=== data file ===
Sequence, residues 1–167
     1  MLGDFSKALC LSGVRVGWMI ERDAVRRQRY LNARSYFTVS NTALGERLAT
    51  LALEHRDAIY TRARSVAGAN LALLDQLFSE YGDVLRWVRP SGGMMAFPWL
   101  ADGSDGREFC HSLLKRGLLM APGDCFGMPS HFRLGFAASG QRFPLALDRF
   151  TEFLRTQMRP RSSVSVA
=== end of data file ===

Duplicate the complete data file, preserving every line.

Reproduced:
Sequence, residues 1–167
     1  MLGDFSKALC LSGVRVGWMI ERDAVRRQRY LNARSYFTVS NTALGERLAT
    51  LALEHRDAIY TRARSVAGAN LALLDQLFSE YGDVLRWVRP SGGMMAFPWL
   101  ADGSDGREFC HSLLKRGLLM APGDCFGMPS HFRLGFAASG QRFPLALDRF
   151  TEFLRTQMRP RSSVSVA